Saturday, February 25, 2012

Working in the Healthcare Industry


Healthcare is the largest industry in the American economy and includes public and private hospitals, nursing and residential care facilities, offices of physicians, dentists and other licensed practitioners, home healthcare services, outpatient care centers and other ambulatory healthcare services and medical and diagnostic laboratories. Occupations within a medical office and healthcare facilities are plenty and varied, and their rate of growth remains rapid and above average.
The list of jobs that are essential to the medical field and healthcare industry is long:
  • physicians
  • surgeons
  • dentists
  • dental hygienists
  • nurses (RN, LPN, LVN)
  • physician’s assistants
  • social workers
  • physical therapists
  • psychiatrists
  • psychologists
  • radiologists
  • audiologists
  • chiropractors
  • dieticians
  • nutritionists
  • pharmacists
  • optometrists
  • podiatrists
  • medical records
  • health information technicians
  • clinical laboratory technologists
  • diagnostic-related technicians
  • emergency medical technicians
  • paramedics
  • ambulance drivers
  • nursing aides
  • home health aides
  • orderlies and attendants
  • occupational therapists
  • speech-language pathologists
  • medical assistants
  • personal and home care aides
  • medical transcriptionists
  • custodial and food service workers
and those functioning in either management or administrative support roles for clinicians who provide direct services.
Many of these occupations, including nursing and medical assisting, often involve potential exposure to airborne and bloodborne infectious disease, needle stick and sharps injuries, back injuries, latex allergy, stress and other dangers. Some are at risk for occupational exposure to a variety of hazardous chemicals and situations that can be physically demanding and stressful; being aware of the potential hazards in the work environment makes them less vulnerable to injury. Past reports issued by the U.S. Department of Labor’s Bureau of Labor Statistics revealed that musculoskeletal injuries were the most common type of non-fatal injury or illness for nursing, psychiatric and home health aides who represent nearly two-thirds of all healthcare support occupations.
Qualification Standards

To safely and efficiently perform work related duties the healthcare worker must be able to physically and mentally satisfy the requisite skills and be able to perform required job related duties with or without a reasonable accommodation. Essential functions which the healthcare worker must be able to perform are based on factors such as education and job-related work experience, the reason for the position, the number of other employees available to perform the same duties or among whom the function can be shared and the degree of expertise or skill required to perform the duties.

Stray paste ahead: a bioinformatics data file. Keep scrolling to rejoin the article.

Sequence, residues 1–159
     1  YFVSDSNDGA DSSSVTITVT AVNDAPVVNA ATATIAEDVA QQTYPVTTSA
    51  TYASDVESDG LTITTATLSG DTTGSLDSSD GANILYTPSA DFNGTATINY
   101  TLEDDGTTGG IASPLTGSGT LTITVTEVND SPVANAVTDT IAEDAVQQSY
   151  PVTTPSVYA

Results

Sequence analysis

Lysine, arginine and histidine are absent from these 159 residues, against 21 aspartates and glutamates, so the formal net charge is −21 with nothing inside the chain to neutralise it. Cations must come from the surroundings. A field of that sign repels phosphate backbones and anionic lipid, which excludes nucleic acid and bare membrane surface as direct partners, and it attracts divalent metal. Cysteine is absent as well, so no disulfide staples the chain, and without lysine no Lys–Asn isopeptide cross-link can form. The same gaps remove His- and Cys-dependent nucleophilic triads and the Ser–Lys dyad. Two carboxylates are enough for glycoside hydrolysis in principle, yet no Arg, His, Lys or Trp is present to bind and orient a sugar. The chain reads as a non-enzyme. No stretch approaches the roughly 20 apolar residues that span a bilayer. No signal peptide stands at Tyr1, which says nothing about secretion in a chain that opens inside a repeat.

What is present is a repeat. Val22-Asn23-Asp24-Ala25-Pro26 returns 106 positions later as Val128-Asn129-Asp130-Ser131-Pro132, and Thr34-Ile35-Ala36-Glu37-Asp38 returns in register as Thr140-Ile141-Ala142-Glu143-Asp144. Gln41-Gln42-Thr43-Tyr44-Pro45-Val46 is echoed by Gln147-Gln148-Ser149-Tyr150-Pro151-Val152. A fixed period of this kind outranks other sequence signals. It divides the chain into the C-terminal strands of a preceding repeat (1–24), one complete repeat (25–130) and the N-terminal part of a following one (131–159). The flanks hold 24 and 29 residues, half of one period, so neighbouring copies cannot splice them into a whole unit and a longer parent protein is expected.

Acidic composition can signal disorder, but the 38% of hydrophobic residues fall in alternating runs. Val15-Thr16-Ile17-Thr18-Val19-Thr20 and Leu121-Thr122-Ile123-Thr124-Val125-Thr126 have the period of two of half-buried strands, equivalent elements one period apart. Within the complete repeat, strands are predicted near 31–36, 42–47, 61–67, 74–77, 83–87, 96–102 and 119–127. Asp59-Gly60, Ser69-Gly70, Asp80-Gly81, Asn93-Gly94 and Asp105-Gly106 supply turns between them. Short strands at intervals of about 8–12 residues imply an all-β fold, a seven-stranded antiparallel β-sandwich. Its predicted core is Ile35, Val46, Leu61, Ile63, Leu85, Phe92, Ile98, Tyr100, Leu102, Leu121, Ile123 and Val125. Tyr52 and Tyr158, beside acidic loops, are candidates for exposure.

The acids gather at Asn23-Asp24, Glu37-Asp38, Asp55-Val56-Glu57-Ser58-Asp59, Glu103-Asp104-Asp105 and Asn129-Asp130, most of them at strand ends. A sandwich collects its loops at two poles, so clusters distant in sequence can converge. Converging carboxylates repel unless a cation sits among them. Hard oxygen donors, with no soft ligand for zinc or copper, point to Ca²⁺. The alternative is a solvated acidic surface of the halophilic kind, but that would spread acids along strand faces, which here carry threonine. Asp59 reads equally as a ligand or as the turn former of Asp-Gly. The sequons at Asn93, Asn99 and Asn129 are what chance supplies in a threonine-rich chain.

Many healthcare establishments operate around the clock and need staff at all hours. Shift work is common in some of the above mentioned occupations. It is not uncommon for healthcare workers hold more than one part-time job, of which each one comes with unique challenges and health hazards. Healthcare workers, especially nurses, clinical laboratory workers and medical assistants, face unique situations at work of which some may pose safety concerns. Medical office and healthcare facility workplace settings typically involve direct patient care with invasive procedures, exposure to body fluids, handling bio-hazardous materials in a fast-paced setting. Errors and oversights due to the demanding nature of duties may result in health or safety consequences.

Exclusion Due to Disability
If a job requirement excludes a healthcare worker, including a medical assistant working under the direct supervision of a doctor, from a position due to a disability, the requirement must be job-related and consistent with business necessity. Some requirements will obviously meet this standard, such as licenses required by state and/or local governments for doctors and other healthcare professionals. In other instances, however, an employer may need to consider whether the standard that is excluding an individual with a disability from employment accurately predicts the individual’s ability to perform the job’s essential functions.

Many states and localities have disability anti-discrimination laws and agencies responsible for enforcing those laws. EEOC refers to these agencies as “Fair Employment Practices Agencies" (FEPAs). Individuals may file a charge with either the EEOC or a FEPA. If a charge filed with a FEPA is also covered under the ADA, the FEPA will “dual file” the charge with the EEOC but usually will retain the charge for investigation. If an ADA charge filed with the EEOC is also covered by a state or local disability discrimination law, the EEOC will “dual file” the charge with the FEPA but usually will retain the charge for investigation.
Healthcare job applicants or employees who believe that their employment rights have been violated on the basis of disability by a private sector, state government, or local government can file a Charge of Discrimination proceeding with the EEOC. The charge must be filed by mail or in person with a local EEOC office within 180 days from the date of the alleged violation.

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